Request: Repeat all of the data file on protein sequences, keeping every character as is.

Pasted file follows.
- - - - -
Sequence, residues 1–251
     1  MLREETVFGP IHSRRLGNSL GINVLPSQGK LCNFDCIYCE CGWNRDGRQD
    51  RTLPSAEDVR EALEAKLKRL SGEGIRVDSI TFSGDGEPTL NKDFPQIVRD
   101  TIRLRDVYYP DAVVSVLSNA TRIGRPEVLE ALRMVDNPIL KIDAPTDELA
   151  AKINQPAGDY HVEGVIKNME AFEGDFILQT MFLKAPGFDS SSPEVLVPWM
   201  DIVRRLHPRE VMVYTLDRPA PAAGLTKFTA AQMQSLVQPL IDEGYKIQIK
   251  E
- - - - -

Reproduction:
Sequence, residues 1–251
     1  MLREETVFGP IHSRRLGNSL GINVLPSQGK LCNFDCIYCE CGWNRDGRQD
    51  RTLPSAEDVR EALEAKLKRL SGEGIRVDSI TFSGDGEPTL NKDFPQIVRD
   101  TIRLRDVYYP DAVVSVLSNA TRIGRPEVLE ALRMVDNPIL KIDAPTDELA
   151  AKINQPAGDY HVEGVIKNME AFEGDFILQT MFLKAPGFDS SSPEVLVPWM
   201  DIVRRLHPRE VMVYTLDRPA PAAGLTKFTA AQMQSLVQPL IDEGYKIQIK
   251  E